We love rebels and people who challenge the status quo, conventional wisdom and mainstream narratives and so we asked some really bright folks to tell us about one piece of conventional advice they disagree with.
Jenny Stackle | Founder & Owner
After almost 10 years of working on my business, I have realized that the generalized advice of “Don’t give up!” is actually bad advice. Although it’s given with good intentions, it usually comes from someone who has not been a small business owner or entrepreneur, and doesn’t realize that success doesn’t come simply from working hard enough, long enough; from “not giving up.” I also think the concept of “not giving up” leading to eventual success is actually perpetuated by many podcasts, in which we hear inspirational stories of incredibly successful entrepreneurs reaching that success after years of very hard, frustrating, exhausting work. The message comes across as, “see how I never gave up? And now my company was sold for $100 million.” It can make us, as entrepreneurs, get caught up in the concept of “never giving up equals eventual success.” Read more>>
Reid Carr | CEO
As with many business quotes and conventional advice, I think they are often applied too vaguely. One of the most common phrases we hear is, “Hire people who are smarter than you.” And, while I agree with the idea of hiring wickedly smart people into your ranks, I think that advice, as worded, discounts two essential factors for team success: First, “smart” should inextricably link to “passion.” And second, the team expects its leader to contribute to its success. “Smart” isn’t the only measure by which leaders should judge talent. Brilliant people must also have a passion for the role to have long-term, balanced success. They may be talented, but if they hate what they do, it is unhealthy for both themselves and the team. Leaders need to find people’s passions and place people accordingly. Read more>>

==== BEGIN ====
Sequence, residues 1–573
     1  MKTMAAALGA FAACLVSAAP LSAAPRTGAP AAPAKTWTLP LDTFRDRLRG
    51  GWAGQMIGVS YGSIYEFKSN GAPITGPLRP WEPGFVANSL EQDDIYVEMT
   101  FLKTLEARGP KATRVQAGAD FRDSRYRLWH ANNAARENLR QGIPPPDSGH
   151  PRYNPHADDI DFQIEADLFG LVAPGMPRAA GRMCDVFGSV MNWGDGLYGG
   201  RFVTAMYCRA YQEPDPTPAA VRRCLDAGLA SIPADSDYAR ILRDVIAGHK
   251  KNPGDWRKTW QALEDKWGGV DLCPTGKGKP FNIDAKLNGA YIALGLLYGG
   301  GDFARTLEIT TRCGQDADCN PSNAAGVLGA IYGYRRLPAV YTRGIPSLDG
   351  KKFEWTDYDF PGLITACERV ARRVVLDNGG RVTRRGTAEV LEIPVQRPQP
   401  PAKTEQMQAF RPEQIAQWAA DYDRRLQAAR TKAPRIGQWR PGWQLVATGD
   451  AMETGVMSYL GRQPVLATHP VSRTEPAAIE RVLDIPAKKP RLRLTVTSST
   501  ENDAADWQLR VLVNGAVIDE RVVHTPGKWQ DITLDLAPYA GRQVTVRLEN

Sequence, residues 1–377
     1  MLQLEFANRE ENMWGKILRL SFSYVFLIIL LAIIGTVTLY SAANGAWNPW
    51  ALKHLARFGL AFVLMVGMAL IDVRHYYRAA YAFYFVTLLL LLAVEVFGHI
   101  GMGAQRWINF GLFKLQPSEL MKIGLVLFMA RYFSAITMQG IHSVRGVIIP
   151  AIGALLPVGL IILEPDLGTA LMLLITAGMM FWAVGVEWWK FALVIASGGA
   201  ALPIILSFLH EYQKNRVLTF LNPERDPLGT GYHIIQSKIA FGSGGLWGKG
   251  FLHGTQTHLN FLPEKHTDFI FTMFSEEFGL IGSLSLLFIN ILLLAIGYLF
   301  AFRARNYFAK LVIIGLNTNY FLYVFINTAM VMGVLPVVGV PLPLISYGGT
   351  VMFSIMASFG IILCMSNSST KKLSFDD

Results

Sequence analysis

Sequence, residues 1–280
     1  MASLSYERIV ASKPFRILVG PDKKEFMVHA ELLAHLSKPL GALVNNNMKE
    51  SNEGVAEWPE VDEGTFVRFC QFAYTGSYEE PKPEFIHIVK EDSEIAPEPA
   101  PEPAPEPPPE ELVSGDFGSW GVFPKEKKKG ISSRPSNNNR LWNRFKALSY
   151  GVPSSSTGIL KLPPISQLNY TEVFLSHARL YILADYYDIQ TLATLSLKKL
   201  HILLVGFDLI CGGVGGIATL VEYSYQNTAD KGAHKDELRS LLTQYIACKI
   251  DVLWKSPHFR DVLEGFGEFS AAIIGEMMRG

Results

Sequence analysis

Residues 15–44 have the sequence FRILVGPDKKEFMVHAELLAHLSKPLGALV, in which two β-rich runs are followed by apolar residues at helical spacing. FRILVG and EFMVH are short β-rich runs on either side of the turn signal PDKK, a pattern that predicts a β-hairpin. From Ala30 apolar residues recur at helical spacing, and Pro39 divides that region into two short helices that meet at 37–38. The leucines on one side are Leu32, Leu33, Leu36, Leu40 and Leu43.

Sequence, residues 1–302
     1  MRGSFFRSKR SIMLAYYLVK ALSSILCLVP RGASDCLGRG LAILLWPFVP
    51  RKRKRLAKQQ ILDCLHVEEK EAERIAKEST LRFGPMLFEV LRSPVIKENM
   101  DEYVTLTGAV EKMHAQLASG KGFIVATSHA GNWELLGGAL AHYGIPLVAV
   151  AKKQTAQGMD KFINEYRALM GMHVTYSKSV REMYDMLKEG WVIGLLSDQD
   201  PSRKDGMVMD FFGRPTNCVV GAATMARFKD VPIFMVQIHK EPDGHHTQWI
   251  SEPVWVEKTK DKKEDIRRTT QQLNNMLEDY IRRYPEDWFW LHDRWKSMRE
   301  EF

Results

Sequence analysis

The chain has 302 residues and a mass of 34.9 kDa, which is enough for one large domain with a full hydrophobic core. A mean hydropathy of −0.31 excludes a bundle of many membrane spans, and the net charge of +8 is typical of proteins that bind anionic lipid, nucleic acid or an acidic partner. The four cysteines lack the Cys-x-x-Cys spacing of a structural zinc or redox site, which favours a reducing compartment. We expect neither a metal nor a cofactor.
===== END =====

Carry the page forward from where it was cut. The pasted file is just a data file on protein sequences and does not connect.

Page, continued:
Vanessa Rogers | Eating Psychology & Holistic Health Coach
There’s a theory going around that it is difficult to have a healthy body and fitness level after a certain age, and that it gets continually more difficult to do so as time goes on (and age increases). You heard this here first — that is a lie! Your body will always respond to movement, strength-building activities, and the foods you eat, no matter what your age. That said, we do lose muscle mass more rapidly if we are less mobile over time, but that’s it. Your activity level is something you always have the opportunity to influence and turn around as needed, for the rest of your life. I hear people sharing their health issues or complaints with me and then ending it with, “well I guess it’s because I’m 40.” No! That’s not why! Your age does not define your health outcomes. Your health and fitness levels are always in your hands — no matter what. You hold the key. Read more>>